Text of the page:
far, the Court finds that there is a strong probability that an evidentiary hearing would allow Scott the opportunity to fully develop his claim of equitable tolling. Additionally, a habeas petitioner is entitled to an evidentiary hearing on the substantive merits of his claim if the petition "alleges sufficient grounds for release, relevant facts are in dispute, and the state courts did not hold a full and fair evidentiary hearing." Stanford v. Parker, 266 F.3d 442, 459-60 (6th Cir.2001). The Court has reviewed the petition and finds that substantively it raises sufficient grounds for release and that the relevant facts concerning Scott's competency are in dispute. Since the issue in this case is Scott's mental incompetency, both to enter the plea and to timely pursue his rights, conducting an evidentiary on both the issue of equitable tolling and on the substantive claim is the most efficient way in which to proceed at this juncture. Before such a hearing is conducted, Respondent should fully answer the petition and submit all portions of the state court record pertinent to the issues in dispute. IV. ORDER Respondent's Objection to the Magistrate Judge's Report and Recommendation (DN 22) is SUSTAINED for the reasons explained in this Memorandum Opinion and Order. Petitioner's motion for an evidentiary hearing (DN 12) is GRANTED. The Court will schedule the hearing at a later date after a telephonic scheduling conference with the parties. Petitioner's motion to compel Respondent to answer the substantive merits of his petition (DN 13) is GRANTED. Respondent is ORDERED to answer the petition in full within 30 days of the entry of this Order.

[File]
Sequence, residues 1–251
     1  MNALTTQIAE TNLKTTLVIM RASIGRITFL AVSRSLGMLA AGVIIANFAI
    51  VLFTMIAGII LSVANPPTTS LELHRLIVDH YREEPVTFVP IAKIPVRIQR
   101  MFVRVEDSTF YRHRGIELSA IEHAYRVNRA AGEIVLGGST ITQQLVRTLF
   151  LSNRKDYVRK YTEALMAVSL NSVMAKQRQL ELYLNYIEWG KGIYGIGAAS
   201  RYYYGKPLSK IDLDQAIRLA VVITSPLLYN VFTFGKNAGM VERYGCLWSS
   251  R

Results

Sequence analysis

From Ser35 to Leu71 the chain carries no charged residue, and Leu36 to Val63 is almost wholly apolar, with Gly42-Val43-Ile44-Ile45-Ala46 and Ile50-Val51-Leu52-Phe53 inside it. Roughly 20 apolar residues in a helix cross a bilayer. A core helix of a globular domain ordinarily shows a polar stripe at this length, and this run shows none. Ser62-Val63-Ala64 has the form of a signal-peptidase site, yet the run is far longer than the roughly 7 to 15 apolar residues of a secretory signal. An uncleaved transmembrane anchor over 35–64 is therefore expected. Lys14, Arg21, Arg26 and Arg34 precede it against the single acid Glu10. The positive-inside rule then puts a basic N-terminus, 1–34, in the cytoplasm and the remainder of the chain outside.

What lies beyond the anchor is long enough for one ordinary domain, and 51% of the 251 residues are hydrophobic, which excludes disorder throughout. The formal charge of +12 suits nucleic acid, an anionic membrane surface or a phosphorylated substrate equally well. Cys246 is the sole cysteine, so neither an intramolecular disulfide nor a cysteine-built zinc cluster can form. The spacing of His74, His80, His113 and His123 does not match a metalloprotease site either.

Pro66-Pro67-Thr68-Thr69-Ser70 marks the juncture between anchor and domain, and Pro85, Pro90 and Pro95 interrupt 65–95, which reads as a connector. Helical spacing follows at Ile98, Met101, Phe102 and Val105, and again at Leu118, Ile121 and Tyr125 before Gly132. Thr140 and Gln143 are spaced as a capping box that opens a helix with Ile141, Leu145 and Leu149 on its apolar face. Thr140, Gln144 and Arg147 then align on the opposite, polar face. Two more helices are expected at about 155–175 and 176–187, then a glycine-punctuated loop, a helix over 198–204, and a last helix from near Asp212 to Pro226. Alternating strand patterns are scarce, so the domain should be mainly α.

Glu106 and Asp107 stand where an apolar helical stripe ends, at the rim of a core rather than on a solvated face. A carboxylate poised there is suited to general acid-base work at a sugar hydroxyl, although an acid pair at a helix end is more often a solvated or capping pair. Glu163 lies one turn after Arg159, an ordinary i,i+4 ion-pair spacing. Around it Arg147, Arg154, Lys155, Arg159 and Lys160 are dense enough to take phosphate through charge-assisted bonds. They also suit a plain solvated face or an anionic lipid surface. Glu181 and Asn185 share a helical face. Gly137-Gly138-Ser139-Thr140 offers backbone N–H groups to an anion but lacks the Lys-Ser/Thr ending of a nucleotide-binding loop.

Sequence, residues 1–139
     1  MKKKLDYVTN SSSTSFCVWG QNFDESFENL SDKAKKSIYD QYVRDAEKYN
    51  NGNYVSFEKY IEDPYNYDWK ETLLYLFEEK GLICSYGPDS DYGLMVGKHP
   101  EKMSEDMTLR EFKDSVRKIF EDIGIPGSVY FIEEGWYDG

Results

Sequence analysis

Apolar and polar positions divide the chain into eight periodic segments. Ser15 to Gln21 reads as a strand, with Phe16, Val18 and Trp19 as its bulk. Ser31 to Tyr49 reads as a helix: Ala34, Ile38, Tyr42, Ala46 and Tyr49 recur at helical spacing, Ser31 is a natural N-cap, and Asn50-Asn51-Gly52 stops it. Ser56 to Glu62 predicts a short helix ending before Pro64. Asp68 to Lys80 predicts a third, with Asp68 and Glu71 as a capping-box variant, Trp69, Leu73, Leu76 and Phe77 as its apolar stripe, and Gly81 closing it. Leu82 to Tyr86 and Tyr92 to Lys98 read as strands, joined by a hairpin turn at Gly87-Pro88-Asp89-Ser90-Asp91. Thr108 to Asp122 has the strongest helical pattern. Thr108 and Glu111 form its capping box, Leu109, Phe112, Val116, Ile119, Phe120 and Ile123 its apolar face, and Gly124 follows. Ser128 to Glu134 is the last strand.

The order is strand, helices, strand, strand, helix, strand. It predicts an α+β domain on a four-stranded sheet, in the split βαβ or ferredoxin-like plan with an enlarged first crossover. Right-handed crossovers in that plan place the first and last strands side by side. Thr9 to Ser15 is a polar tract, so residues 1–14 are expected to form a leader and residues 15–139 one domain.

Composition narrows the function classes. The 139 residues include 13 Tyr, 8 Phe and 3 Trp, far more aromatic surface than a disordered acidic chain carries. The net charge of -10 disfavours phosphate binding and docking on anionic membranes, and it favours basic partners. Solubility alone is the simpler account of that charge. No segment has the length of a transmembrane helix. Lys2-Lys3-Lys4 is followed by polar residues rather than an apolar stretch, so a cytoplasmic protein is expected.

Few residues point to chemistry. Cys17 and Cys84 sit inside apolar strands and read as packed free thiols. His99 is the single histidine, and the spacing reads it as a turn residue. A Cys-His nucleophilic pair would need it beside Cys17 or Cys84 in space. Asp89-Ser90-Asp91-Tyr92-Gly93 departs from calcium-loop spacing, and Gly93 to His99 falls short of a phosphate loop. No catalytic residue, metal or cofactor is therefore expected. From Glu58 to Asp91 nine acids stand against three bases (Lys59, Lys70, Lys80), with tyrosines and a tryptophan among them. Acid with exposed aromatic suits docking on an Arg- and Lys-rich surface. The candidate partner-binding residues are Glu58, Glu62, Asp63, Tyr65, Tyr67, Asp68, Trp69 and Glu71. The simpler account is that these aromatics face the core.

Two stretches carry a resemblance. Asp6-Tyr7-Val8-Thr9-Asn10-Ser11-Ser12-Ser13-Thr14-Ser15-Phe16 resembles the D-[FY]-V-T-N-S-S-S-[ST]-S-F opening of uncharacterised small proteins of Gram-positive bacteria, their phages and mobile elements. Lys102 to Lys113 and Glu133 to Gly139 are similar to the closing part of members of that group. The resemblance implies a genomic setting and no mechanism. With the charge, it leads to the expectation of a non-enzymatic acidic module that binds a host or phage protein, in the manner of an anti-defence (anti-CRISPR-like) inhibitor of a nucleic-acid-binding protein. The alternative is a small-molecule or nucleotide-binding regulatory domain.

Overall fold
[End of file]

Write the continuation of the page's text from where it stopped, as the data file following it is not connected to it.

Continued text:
Petitioner's motion to compel Respondent to provide a complete copy of the record is GRANTED (DN 14). Respondent is ORDERED to produce a complete copy of the record within 30 days of the entry of this Order. Respondent's motion to file a supplemental memorandum addressing Petitioner's equitable tolling argument (DN 17) is GRANTED. The supplemental memorandum (DN 17, Part 3) is DEEMED filed. The Court reviewed and considered the supplemental memorandum in full prior to entering this Memorandum Opinion and Order. A telephonic scheduling conference to discuss issues related to the evidentiary hearing is set for March 20, 2009, 10:00 a.m. CST. The Court will place the call to counsel. Date:
March 3, 2009
Counsel of record